A proposed class action alleges Dell Technologies has intentionally misled the public with regard to the apparent “upgradeability” of its flagship Alienware Area 51M R1 gaming laptop.
The 20-page complaint, filed in California on June 2, charges that Dell has affirmatively and falsely misrepresented certain characteristics and qualities of the Area 51M R1 laptop that it knew did not exist to lure unsuspecting consumers into paying a higher price for the machine and gain a leg up in an intensely competitive marketplace.
According to the suit, Dell’s most prominent misrepresentation about the purportedly revolutionary laptop is the claim that its core hardware components—i.e., the central processing unit (CPU) and graphics processing unit (GPU)—are fully upgradeable to future Intel CPUs and NVIDIA GPUs. Per the case, Dell was aware that future upgradeability of a gaming laptop is of material interest to buyers, especially given that the core components of laptops are traditionally not upgradeable. The company touted this claim, the case says, to sell as many Area 51M R1s as possible before the computer’s core components reached the end of their life cycle, which was rapidly approaching:
As such, Dell knew it had to address consumers’ hesitation to purchase the Area 51M R1 shortly before its Core Components became outdated. To that end, Dell represented that the Area 51M’s Core Components were upgradeable, thereby addressing any hesitation or apprehension consumers had regarding its soon to be outdated core components.”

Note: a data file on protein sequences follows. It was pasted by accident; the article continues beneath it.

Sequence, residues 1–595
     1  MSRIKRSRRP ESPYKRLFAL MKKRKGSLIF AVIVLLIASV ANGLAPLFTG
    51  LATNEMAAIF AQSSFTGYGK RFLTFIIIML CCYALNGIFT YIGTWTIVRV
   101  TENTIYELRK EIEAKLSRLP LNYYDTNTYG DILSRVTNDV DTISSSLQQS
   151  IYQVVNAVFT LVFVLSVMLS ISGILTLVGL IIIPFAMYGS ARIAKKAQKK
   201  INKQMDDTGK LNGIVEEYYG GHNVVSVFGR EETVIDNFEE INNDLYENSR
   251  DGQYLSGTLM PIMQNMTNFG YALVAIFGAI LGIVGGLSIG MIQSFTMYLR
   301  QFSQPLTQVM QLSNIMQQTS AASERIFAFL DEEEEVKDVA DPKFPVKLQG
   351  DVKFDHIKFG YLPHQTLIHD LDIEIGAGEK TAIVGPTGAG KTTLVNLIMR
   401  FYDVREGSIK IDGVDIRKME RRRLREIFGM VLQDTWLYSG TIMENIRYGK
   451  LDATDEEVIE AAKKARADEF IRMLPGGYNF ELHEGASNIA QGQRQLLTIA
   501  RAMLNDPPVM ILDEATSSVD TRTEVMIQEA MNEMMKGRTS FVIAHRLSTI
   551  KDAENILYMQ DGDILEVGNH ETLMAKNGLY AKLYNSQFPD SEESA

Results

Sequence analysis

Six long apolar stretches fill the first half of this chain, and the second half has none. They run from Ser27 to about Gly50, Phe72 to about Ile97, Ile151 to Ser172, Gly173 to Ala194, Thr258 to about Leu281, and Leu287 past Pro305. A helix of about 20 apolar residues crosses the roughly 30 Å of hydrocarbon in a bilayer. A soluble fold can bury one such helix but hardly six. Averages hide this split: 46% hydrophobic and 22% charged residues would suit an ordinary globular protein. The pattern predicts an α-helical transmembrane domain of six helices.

In reality, the lawsuit stresses, the Area 51M R1’s core components are not upgradeable, and Dell has reportedly admitted as much.
Upgradeability is the “holy grail” of mobile computing, suit says
Unlike desktop computers, a laptop’s CPU and GPU, which are ultimately responsible for the machine’s gaming performance, are permanently affixed within the machine, making them impossible to remove and thus upgrade, the lawsuit says. As a result, consumers cannot swap their laptop’s core components for faster, more powerful next-generation CPUs and GPUs as the older components approach the end of their shelf life, the case states. Instead, consumers looking to upgrade their machine must buy an entirely new laptop to be able to play the latest, more technologically demanding games.
The lawsuit notes that the core components in different brands of gaming laptops are virtually identical, however, with all manufacturers offering the same Intel CPUs and NVIDIA GPUs. It’s for this reason, the case says, that manufacturers must go above and beyond to differentiate and market their products based on price, aesthetics or other unique features.
In Dell’s case, this “unique feature” was the “unprecedented upgradeability” of its machines - something the lawsuit calls the “elusive holy grail of mobile computing.”
Against the clock